Last Day to View Nathan Oliveira: A Survey, 1959-2010

Berggruen Gallery

Last Day to View Nathan Oliveira: A Survey, 1959-2010

Oct 13, All Day

Check gallery website for hours and additional info

Berggruen Gallery is pleased to present Nathan Oliveira: A Survey, 1959-2010, an exhibition of paintings, watercolors, monotypes, and sculptures by Bay Area artist Nathan Oliveira. This show marks the gallery’s thirteenth solo exhibition of Oliveira’s work since his first show at Berggruen in 1979. The gallery will host an opening reception on Thursday, September 6 from 5:00 to 8:00pm.

Spanning over a half-century, this exhibition highlights Oliveira’s iconic work from the late 1950s through his final years. The evolution of his artistic practice exists in his myriad subjects and styles across a range of media, yet an inherent sense of raw emotion and complexity unites his body of work to express Oliveira’s unique translation of the world around him. Highly influenced and inspired by artists that proceeded him, such as Rembrandt van Rijn, Francisco Goya, Auguste Rodin, Edvard Munch, Alberto Giacometti, Francis Bacon, and Max Beckmann, his passion was “for continuing an inner-directed artistic tradition attached to the human subject. His art represents a response to artists, both past and present, an ongoing dialogue with artists […]” (Selz, 2002). Olivera’s work is part of the continuum, a response to and interpretation of the past, as well as a place for the next generation from which to spring.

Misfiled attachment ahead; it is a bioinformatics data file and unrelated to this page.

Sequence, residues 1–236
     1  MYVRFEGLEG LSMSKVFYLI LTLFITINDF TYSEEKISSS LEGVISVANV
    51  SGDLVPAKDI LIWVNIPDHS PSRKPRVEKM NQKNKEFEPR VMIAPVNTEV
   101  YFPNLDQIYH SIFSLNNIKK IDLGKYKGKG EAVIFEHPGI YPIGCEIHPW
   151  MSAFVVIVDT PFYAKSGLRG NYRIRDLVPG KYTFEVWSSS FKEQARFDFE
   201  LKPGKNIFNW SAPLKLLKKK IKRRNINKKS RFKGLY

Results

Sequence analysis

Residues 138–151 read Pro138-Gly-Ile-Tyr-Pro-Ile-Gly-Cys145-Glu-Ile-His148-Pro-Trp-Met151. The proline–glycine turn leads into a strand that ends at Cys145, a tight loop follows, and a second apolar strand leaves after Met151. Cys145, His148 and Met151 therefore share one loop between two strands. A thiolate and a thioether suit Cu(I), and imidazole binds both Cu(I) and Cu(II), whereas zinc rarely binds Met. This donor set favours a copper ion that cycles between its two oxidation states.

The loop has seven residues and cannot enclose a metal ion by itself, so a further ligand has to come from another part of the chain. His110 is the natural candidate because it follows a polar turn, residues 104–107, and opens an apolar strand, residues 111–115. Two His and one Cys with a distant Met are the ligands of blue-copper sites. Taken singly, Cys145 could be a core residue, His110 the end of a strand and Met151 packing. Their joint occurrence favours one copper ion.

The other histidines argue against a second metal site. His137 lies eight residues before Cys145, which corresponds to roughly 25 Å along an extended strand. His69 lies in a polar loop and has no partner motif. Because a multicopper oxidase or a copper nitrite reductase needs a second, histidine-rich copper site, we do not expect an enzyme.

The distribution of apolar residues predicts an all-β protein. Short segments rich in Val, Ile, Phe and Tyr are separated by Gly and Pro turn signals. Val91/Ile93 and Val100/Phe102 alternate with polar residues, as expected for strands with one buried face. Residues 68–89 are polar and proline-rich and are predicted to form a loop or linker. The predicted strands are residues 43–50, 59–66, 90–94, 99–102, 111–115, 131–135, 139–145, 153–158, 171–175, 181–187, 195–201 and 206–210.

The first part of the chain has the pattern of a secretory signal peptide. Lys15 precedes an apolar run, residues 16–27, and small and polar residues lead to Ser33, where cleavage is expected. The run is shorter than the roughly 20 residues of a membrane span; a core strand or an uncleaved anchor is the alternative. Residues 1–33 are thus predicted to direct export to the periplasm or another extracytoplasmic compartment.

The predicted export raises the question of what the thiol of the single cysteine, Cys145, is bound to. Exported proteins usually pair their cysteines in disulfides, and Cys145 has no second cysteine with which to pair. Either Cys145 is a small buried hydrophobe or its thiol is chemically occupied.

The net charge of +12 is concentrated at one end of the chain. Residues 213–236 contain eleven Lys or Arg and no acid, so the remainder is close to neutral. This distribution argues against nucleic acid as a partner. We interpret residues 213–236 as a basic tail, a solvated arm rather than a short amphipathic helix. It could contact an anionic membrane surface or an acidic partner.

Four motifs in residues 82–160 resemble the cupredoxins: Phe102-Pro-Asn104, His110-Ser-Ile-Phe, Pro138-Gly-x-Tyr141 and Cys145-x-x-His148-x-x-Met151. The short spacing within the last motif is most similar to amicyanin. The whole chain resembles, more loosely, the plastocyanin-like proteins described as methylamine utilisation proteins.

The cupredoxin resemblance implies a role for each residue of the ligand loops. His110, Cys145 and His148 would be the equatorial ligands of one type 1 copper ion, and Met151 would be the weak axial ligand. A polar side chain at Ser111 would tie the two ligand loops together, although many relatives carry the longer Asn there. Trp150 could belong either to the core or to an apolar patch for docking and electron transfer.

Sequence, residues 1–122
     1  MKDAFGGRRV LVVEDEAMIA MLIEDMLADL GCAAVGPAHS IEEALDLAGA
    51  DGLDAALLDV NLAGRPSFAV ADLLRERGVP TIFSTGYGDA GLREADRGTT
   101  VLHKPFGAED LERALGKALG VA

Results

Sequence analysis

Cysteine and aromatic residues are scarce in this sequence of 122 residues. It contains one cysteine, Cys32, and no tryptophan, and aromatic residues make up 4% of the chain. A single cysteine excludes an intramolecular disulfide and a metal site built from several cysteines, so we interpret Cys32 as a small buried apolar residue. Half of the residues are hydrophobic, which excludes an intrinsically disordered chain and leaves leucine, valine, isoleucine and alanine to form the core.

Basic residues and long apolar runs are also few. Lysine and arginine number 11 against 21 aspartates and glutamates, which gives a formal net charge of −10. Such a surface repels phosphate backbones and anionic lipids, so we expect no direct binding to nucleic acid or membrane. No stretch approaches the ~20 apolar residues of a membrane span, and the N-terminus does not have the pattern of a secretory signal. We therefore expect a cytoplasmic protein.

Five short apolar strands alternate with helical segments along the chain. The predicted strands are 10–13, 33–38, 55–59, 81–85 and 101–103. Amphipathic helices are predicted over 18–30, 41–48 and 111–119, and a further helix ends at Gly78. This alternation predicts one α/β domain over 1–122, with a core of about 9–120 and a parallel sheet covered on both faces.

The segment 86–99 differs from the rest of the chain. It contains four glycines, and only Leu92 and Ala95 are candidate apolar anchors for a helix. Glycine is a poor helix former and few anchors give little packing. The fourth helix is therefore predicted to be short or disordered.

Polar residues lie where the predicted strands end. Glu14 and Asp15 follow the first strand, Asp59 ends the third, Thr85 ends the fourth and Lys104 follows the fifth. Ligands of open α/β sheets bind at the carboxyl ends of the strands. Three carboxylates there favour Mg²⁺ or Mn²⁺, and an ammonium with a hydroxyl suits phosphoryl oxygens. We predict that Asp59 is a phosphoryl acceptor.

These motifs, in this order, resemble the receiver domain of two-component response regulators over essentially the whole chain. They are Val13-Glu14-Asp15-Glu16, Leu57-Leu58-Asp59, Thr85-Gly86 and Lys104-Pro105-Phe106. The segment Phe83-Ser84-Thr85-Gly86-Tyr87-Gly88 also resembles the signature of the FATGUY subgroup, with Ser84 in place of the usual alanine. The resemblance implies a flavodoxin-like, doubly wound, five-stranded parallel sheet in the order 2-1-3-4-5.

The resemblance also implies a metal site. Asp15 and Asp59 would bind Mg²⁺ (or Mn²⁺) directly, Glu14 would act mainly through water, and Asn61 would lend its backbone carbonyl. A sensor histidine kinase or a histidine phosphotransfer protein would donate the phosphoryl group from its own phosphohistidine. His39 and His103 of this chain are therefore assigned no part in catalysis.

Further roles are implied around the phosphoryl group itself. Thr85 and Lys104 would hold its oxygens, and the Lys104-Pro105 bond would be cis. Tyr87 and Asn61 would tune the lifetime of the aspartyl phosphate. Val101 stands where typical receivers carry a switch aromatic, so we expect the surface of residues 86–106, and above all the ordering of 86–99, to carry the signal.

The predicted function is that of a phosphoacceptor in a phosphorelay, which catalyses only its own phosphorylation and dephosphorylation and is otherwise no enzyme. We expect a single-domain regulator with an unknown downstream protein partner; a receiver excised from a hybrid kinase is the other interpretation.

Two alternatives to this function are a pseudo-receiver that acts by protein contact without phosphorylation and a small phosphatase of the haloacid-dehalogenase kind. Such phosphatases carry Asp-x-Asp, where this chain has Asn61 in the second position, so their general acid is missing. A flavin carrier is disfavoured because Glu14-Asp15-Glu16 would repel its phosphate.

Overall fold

Oliveira does not follow a disciplined approach to painting or drawing but rather explores the spectrum of pure emotion and beauty achieved by artistic gesture. The physical act of creation is emphasized through textural compositions imbued with a sense of energy and motion, allowing expressive brushstrokes to bring to life a human figure, an animal, or a place (or “site,” as Oliveira calls it). The content and style of his work thus becomes a vehicle by which one can establish an intimate connection to the art object, as a certain tension between representation and abstraction incites emotional engagement and contemplation. The psychological probing of Oliveira’s work derives from the artist’s dynamic engagement with both his medium and his subject, for he does not merely create a representation but rather crafts an intimate moment between the viewer and the art object itself.